Our granddaughter has reached the age when it’s time for The Talk. This has always been an awkward parental duty. Here is your child, who you diapered and bathed as a baby, and you face the prospect of them someday romping passionately with someone else, even if the intended outcome is to produce the grandchildren you’ve been yearning for. It’s harder in the United States because our views of sex get twisted by puritanical ideals of chastity and the commercialized hyper-sexualization of everything. Now, we must contend with a post-Roe society.
As a husband with a daughter and a granddaughter, I know America has never been a safe place for women, as well as transgender and intersex people who are female presenting or have a uterus. For all of them, it means not walking alone at night, sticking a key between your fingers so you can use it as a weapon, not leaving your drinks unattended, and having a friend who can get you out of a bad date. You can’t dress too revealingly, get too drunk, or flirt too much. And if something terrible happens to you, it’s always your fault. And now, if you get pregnant, it’s considered God’s will for you to carry that baby.
While states have been eager to penalize those who get and perform abortions, they don’t show equal zeal to prosecute and punish men who commit rape, incest, and the abuse of minors. In fact, the new laws against abortion will discourage women even more from pursuing justice against their assailants. They fear they would be the ones facing prosecution if they end that pregnancy, while the men who harmed them avoid consequences. (Should I mention that two of the Supreme Court justices who voted to overturn Roe had credible accusations of sexual harassment? Or that justices base their stance on abortion from religious organizations with long histories of sexual abuse?) The anti-abortion movement has never been pro-life. It seems like it’s pro-rape.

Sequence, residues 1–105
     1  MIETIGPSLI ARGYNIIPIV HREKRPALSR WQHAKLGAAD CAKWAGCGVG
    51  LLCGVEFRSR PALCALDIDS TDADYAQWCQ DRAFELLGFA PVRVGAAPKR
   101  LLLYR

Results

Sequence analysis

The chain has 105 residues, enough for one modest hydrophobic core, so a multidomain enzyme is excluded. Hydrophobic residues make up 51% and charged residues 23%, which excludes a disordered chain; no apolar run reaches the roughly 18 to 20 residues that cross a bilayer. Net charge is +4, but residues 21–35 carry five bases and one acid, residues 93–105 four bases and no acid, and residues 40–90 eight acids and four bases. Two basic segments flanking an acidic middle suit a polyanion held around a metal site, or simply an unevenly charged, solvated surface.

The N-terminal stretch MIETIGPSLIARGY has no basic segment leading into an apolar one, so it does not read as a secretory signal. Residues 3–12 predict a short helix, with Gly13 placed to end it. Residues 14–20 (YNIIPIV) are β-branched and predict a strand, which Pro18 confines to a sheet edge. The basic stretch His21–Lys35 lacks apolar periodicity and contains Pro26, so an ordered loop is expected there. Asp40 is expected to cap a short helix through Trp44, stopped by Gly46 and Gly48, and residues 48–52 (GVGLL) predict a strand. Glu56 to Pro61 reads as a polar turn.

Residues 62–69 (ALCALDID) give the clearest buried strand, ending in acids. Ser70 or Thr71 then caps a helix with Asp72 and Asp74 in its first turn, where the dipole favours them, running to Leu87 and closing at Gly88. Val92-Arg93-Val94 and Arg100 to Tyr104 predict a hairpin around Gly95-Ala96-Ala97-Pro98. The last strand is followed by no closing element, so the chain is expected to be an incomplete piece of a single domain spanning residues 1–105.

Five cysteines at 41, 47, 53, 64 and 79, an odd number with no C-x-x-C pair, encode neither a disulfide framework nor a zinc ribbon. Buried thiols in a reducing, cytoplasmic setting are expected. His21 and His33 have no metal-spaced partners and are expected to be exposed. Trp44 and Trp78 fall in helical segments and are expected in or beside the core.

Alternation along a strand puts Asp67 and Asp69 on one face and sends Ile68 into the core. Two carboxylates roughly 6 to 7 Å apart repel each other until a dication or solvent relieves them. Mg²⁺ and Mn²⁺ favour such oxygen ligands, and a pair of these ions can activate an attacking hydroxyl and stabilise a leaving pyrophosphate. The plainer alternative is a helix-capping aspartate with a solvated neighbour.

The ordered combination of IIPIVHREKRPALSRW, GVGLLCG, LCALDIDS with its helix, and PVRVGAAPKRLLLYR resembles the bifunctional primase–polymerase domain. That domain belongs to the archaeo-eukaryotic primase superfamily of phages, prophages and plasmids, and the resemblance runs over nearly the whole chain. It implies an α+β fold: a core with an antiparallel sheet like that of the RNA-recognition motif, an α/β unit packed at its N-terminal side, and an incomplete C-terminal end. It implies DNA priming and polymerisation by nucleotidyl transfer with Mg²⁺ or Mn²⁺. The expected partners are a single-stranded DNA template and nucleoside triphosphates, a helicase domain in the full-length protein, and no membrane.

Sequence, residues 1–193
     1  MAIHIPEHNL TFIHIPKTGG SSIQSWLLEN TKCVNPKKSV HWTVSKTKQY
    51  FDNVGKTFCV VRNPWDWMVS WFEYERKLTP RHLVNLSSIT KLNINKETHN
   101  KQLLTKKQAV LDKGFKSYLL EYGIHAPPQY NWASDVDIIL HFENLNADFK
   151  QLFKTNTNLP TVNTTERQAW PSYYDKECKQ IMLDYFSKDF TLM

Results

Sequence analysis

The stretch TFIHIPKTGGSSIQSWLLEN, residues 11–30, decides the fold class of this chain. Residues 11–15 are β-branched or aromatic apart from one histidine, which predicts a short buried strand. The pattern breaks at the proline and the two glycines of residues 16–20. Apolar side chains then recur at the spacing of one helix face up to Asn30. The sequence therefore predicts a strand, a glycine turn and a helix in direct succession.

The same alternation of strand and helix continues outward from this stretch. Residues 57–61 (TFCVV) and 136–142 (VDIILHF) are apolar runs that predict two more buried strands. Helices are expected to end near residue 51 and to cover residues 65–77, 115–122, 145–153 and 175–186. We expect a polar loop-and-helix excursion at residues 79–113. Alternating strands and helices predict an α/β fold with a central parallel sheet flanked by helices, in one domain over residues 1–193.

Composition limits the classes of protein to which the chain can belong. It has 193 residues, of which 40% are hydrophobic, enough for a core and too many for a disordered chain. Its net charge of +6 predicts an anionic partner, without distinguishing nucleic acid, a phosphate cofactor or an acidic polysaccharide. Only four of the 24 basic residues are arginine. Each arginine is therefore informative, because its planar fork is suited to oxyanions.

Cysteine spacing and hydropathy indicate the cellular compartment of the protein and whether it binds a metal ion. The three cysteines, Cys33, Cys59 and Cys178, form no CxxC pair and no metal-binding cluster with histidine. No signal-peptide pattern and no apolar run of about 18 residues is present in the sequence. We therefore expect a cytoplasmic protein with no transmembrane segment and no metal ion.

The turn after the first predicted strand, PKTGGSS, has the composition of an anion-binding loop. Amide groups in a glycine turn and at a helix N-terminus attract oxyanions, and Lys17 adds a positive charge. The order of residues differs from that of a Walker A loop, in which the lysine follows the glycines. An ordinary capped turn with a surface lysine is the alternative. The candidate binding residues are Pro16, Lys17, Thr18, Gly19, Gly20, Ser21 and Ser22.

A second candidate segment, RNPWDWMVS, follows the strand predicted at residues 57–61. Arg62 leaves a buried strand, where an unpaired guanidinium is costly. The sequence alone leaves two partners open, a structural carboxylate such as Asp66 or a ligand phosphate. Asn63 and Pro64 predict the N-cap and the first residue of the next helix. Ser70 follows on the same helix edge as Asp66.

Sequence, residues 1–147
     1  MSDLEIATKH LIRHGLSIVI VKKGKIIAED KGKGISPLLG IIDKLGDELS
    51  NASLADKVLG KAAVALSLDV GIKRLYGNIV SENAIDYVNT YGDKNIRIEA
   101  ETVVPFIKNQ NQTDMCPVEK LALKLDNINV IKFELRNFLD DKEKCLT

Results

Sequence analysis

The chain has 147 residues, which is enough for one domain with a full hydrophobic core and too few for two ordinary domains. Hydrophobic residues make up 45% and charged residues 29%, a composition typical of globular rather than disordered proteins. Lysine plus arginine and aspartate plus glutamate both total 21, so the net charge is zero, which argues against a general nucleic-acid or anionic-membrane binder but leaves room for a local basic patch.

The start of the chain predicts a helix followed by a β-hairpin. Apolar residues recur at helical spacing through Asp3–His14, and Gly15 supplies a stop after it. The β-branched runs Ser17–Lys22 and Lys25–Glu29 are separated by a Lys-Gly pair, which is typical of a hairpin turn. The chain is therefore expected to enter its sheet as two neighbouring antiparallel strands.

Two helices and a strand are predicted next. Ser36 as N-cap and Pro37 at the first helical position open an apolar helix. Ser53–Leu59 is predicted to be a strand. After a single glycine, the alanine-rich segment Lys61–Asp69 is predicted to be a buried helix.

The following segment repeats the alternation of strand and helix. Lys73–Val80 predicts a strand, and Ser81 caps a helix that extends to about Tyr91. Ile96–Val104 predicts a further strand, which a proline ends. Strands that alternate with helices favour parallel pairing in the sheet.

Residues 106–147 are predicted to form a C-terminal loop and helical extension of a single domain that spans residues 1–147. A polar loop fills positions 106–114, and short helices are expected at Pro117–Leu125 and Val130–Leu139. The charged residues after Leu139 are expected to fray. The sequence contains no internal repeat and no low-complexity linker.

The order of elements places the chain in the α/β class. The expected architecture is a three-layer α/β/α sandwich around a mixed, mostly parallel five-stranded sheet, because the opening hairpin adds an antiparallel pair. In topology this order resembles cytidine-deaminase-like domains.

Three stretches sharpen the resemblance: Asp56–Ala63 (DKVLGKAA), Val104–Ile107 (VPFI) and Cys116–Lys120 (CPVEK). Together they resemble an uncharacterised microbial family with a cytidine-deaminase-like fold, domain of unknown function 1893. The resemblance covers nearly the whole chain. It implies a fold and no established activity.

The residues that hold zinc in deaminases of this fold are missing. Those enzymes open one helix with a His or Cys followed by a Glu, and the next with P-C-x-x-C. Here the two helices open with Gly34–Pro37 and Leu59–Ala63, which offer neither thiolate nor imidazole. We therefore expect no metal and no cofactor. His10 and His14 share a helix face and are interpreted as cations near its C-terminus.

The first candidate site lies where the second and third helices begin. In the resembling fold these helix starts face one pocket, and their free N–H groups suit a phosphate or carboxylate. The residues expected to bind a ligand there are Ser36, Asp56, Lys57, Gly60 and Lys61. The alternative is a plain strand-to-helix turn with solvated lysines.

But these attitudes of fear, rage, and dread put us in this situation. If we didn’t look at sex with shame and embarrassment, we wouldn’t be so afraid to discuss it with our children. Or be willing to educate ourselves. We wouldn’t have so many ignorant and judgemental people, especially those in power. We would be more accepting of those whose lifestyles differ from ours. We would make birth control free and easily accessible. Women can get the reproductive care they need. People (men in particular) would be more respectful about consent. Those who violate that respect would be more certain to face consequences. And such violations would be unnecessary because we can create healthy outlets for sexuality. And we’d all have a lot more love.
We need to give The Talk differently.
First, we need to teach children about their reproductive organs the same way we do with all other body parts. By the time children enter kindergarten, they know what their brain, stomach, heart, and lungs do. They should know the same about their genitalia. (They’ve already had to deal with them during potty training.) They should learn what they do, how to keep them clean and safe, and how they will change as they get older. It’s their bodies. They should know how they work and how to keep them healthy.
Next, they should learn about consent. They don’t have to let anyone touch them if they don’t feel comfortable. This doesn’t apply just to the “private parts,” but anywhere on their bodies. They shouldn’t feel obligated to kiss and hug anyone, including family members, if they don’t want to. Abusers start with what seems to be normal looking hugs and kisses, but children know when affection is unwanted and uncomfortable. Children should know they have autonomy over their own bodies.
When it is time for The Talk, we should give it without judgement, embarrassment, and shame. Children should always feel comfortable about talking to their parents and other caregivers with any questions they have. We should encourage curiosity. If they express unsafe desires, they should learn why they’re unsafe—not just that they’re wrong. Treat children with respect, and children will treat themselves the same way.
Our problems are caused because we don’t talk openly about sex. (And I’ve been guilty of this as well.) When ignorance and fear about sexuality is at its highest, we need to flip the script. If we start giving The Talk in a more positive and shame-free way, we can turn away from right-wing bigotry and cruelty and move towards a healthier and more inclusive society.